FASEB J 2017 Mar 23;31(3):910-919. Epub 2016 Nov 23.
Department of Quantitative Biology and Medicine, Research Center for Advanced Science and Technology, University of Tokyo, Tokyo, Japan; and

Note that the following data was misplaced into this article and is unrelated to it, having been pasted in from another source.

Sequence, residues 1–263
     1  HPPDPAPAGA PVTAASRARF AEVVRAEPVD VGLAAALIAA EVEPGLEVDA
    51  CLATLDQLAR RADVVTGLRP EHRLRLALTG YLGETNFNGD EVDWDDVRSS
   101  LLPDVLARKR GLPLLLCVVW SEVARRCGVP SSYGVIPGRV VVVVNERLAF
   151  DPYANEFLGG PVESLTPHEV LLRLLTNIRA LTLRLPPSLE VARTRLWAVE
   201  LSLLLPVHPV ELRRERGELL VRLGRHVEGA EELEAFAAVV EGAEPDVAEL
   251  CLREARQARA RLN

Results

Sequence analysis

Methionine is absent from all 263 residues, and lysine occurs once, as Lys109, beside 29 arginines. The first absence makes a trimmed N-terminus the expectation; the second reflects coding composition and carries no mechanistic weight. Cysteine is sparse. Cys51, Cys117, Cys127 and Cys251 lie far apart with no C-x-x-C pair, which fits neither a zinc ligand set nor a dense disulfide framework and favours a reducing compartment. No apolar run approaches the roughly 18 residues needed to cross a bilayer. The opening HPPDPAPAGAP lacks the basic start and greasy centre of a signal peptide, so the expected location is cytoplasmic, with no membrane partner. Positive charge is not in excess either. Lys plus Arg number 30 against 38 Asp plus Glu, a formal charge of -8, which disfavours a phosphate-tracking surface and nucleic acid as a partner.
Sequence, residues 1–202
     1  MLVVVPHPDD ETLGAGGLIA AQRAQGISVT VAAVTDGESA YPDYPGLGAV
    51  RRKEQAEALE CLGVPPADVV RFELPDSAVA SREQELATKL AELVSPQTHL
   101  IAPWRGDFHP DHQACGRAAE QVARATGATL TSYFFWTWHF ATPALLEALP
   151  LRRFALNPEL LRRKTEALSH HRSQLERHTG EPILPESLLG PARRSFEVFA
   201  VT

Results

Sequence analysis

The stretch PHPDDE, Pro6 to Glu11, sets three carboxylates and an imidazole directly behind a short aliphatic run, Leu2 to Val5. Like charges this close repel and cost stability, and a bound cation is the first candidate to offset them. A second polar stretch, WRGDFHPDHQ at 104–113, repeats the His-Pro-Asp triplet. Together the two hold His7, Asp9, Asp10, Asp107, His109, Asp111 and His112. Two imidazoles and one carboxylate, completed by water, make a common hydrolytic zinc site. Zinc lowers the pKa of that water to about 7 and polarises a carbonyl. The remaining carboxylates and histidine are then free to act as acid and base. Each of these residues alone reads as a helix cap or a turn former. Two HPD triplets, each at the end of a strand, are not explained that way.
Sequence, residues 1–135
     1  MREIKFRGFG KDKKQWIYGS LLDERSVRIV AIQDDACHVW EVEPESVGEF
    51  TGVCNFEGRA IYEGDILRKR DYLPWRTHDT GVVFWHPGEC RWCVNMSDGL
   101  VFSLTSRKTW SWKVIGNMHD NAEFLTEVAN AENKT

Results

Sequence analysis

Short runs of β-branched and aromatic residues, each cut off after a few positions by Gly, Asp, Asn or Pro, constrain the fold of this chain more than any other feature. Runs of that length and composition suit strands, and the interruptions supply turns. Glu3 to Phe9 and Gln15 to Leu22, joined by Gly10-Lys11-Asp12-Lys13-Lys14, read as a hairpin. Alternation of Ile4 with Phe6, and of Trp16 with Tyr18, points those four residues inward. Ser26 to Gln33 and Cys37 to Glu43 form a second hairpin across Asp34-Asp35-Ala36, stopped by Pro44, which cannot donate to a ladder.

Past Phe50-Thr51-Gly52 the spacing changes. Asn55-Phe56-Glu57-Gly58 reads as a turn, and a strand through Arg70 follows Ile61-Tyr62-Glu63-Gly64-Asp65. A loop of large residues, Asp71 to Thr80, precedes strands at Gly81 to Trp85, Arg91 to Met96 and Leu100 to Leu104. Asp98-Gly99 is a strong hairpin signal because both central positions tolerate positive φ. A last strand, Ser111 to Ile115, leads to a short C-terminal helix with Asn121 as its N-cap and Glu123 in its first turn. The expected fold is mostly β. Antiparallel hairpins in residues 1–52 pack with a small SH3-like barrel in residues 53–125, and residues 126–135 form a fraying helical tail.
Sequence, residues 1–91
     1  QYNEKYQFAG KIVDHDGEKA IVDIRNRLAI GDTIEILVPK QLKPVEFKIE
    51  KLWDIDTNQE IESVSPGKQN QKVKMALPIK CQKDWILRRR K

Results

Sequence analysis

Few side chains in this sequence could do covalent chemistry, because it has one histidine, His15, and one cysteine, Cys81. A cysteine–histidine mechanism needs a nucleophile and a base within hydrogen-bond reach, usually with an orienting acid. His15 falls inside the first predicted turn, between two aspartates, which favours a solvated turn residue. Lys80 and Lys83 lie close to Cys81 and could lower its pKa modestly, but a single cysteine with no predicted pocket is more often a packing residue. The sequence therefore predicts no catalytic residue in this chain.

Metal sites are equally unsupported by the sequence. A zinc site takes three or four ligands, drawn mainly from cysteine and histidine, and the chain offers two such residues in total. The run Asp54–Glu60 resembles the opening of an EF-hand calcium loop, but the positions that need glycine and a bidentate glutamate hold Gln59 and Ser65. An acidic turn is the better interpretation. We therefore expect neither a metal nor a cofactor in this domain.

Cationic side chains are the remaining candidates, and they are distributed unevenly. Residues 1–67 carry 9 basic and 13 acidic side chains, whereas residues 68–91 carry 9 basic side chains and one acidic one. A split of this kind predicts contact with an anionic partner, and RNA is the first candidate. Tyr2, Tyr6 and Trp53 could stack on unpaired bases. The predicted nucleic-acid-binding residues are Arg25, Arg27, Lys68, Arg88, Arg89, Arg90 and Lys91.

Cell migration to chemoattractants is critically important in both normal physiology and the pathogenesis of many diseases. In GPCR-mediated chemotaxis, GPCRs transduce the gradient of an extracellular chemotactic ligand into intracellular responses via the activation of heterotrimeric G proteins. However, ligand-induced G-protein activation has not been directly imaged as yet in mammalian chemotaxing cells. We developed a Förster resonance energy transfer (FRET) probe, R10-Gi, by linking the Gi-protein α subunit to the regulator of G-protein signaling domain. The R10-Gi probe was coupled with a chemoattractant leukotriene B4 (LTB4) receptor 1 (BLT1) that induced the receptor to display a high-affinity ligand binding activity (Kd = 0.91 nM) in HEK293 cells. The R10-Gi probe exhibited an increased FRET signal in accord with the LTB4-dependent activation of Gi Furthermore, neutrophil-like differentiated human leukemia cell line 60 that expressed the intrinsic BLT1 displayed temporal Gi-protein activation in an area localized to the leading edge during chemotaxis in a shallow gradient of LTB4 These findings afford an opportunity to clarify the mechanisms underlying the subcellular regulation of Gi-protein activity, as well as GPCR-mediated ligand sensing, during chemotaxis in mammalian cells.-Masuda, K., Kitakami, J., Kozasa, T., Kodama, T., Ihara, S., Hamakubo, T. Visualization of ligand-induced Gi-protein activation in chemotaxing cells.